Malaria: Signs and Symptoms, Tips to prevent the disease

Malaria is associated with a bite from the female Anopheles mosquito and in a few cases, can cause serious health complications. Malaria is a mosquito-borne infectious disease of humans and other animals caused by protists (a type of microorganism) of the genus Plasmodium.

          The term malaria originates from Medieval Italian: mala aria — “bad air”; the disease was formerly called ague or marsh fever due to its association with swamps and marshland. Malaria was once common in most of Europe and North America, where it is no longer endemic, though imported cases do occur.

The disease is most common in tropical and subtropical climates (hot and humid) where the parasites can live and are generally active.

 Types of malaria:

Parasites of the genus Plasmodium cause malaria. There are many species of the malaria parasite Plasmodium. However, only five of them infect humans. These are:

– Plasmodium falciparum: Found in tropical and subtropical areas and is a major contributor to deaths from severe malaria.

– Plasmodium vivax: Mostly found in Asia and Latin America. It involves a dormant stage that can cause relapses.

– Plasmodium ovale: Found in Africa and the Pacific islands.

– Plasmodium malariae: Found worldwide and can cause a chronic infection.

– Plasmodium knowlesi: Found throughout Southeast Asia. It can rapidly progress from an uncomplicated case to severe malaria infection.

SIGNS AND SYMPTOMS: Incubation period refers to how long it takes from initial infection to the appearance of symptoms.

This generally depends on the type of parasite:

 · P. falciparum – 9 to 14 days

· P. vivax – 12 to 18 days · P. ovale – 12 to 18 days

· P. malariae – 18 to 40 days However, incubation periods can vary from as little as 7 days, to several months for P. vivax and P. ovale. If you are taking medication to prevent infection (chemoprophylaxis) the incubation period is usually longer.

The signs and symptoms of malaria typically begin 8–25 days following infection; signs include:

· Decreased consciousness

· Significant weakness such that the person is unable to walk

· Inability to feed

· Two or more convulsions

 · Low blood pressure (less than 70 mmHg in adults or 50 mmHg in children)

 · Breathing problems

 · Circulatory shock

 · Kidney failure or hemoglobin in the urine

· Pulmonary edema

Prevention:

The best way to prevent malaria is to keep our home and surroundings clean. Having a strong civic sense is the best way to ensure safety from malaria.

1.Fog them out:

Get fogging in your neighborhood done before the rainy season starts as it helps to kill the mosquitoes that might be hiding at places.

2. Choose the right clothes:

Make sure you choose the right clothing to prevent malaria. Wear cover-alls, full-sleeved clothes, long pants that can help prevent mosquito bites.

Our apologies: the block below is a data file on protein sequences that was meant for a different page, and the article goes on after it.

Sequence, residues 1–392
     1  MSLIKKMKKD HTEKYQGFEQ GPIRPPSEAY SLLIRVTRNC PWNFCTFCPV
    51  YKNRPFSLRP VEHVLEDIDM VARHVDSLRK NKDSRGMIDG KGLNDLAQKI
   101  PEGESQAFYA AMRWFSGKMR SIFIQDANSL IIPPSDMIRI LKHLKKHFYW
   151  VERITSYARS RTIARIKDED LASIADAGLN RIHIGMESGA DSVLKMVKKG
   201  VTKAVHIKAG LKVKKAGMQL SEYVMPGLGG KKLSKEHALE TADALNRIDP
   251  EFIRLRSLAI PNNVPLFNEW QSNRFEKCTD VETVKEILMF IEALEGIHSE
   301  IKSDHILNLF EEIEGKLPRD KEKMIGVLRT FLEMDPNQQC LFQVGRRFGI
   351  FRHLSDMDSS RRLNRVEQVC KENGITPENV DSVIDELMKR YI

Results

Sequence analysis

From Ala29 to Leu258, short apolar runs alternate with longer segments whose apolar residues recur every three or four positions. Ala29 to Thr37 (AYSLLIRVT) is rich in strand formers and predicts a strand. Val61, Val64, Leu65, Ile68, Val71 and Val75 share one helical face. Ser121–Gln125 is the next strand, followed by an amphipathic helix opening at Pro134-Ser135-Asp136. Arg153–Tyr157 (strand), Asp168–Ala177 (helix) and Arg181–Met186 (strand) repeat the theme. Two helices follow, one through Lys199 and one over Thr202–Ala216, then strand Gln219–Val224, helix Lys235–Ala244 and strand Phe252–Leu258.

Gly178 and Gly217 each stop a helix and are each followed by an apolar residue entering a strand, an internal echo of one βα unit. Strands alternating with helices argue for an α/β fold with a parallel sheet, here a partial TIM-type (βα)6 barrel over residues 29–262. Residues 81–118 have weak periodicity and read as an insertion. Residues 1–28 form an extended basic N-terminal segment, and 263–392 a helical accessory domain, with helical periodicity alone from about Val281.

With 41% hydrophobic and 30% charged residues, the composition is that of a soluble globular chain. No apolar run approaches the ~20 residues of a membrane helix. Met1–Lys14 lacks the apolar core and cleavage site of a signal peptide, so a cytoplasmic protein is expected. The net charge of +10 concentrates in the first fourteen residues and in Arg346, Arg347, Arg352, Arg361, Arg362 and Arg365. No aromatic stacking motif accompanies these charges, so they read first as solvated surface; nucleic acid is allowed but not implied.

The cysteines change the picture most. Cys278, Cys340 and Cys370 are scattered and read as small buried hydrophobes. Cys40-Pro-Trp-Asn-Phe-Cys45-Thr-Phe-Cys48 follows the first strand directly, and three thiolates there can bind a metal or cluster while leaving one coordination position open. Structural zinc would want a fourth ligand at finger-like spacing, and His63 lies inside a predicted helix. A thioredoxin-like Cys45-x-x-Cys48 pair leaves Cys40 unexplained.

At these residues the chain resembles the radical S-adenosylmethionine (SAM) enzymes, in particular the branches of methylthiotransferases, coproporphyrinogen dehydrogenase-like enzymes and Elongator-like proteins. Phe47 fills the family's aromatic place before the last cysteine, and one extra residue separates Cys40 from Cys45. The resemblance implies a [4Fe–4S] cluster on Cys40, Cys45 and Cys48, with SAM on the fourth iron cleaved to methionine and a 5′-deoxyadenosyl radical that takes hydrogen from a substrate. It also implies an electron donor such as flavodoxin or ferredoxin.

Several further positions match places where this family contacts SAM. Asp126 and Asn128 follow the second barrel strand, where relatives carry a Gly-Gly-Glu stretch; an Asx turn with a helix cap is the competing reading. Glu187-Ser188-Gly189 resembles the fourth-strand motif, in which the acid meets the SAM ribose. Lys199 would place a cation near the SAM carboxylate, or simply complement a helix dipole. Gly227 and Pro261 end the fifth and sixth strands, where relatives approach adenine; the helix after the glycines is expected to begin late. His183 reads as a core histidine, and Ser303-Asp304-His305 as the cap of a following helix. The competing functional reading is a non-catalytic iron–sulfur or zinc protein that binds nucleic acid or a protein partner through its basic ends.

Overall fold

3.Use mosquito repellent products:

You can use various over-the-counter mosquito repellant creams and bands. The same will help keep you safeguarded even when you are sitting in a garden or outside playing.

4.Use mosquito nets:

This is the simplest and ineffective way of keeping the mosquitoes away. A person is most vulnerable when they are sleeping. Using mosquito nets neither exposes you to harmful mosquito chemicals nor does it harm your body.

5.Use window nets:

Cover your windows well and keep them closed.

6. Keep your surroundings clean:

Keeping your surroundings clean is one of the best-recommended methods to prevent yourself from malaria. While travelling, make sure that you avoid loitering around.

TRANSMISSION:

Vectors: Plasmodium may exploit several genera of mosquitoes, as vectors and intermediate

hosts

· Culex

· Anopheles,

· Culiceta

· Mansonia and 

· Aedes

i. Bites of mosquitoes, 

ii. Mechanically by blood transfer as in mass vaccination,

iii. Caponization and injection. 

Malaria  parasites  are  transmitted  from  person  to  person  through  Anopheles  mosquitoes.

When a mosquito bites, blood containing the parasites is taken into the mosquito’s gut. Over a

period of 10 or more days, the parasites undergo a complex development, the mature parasite

eventually coming to reside in the mosquito’s salivary glands, ready for transmission to a new

person  when  it  bites  again.  In  the  next  human  host,  the  parasite  first  infects  the  liver,

undergoes rapid replication in this site for at least five days, and then infects red blood cells.

It is in the  blood  that the parasites causes  the  most serious symptoms of  malaria,  including

cerebral malaria initiated by parasitised blood cells blocking blood capillaries in the brain.

Human-to-human transmission of Malaria.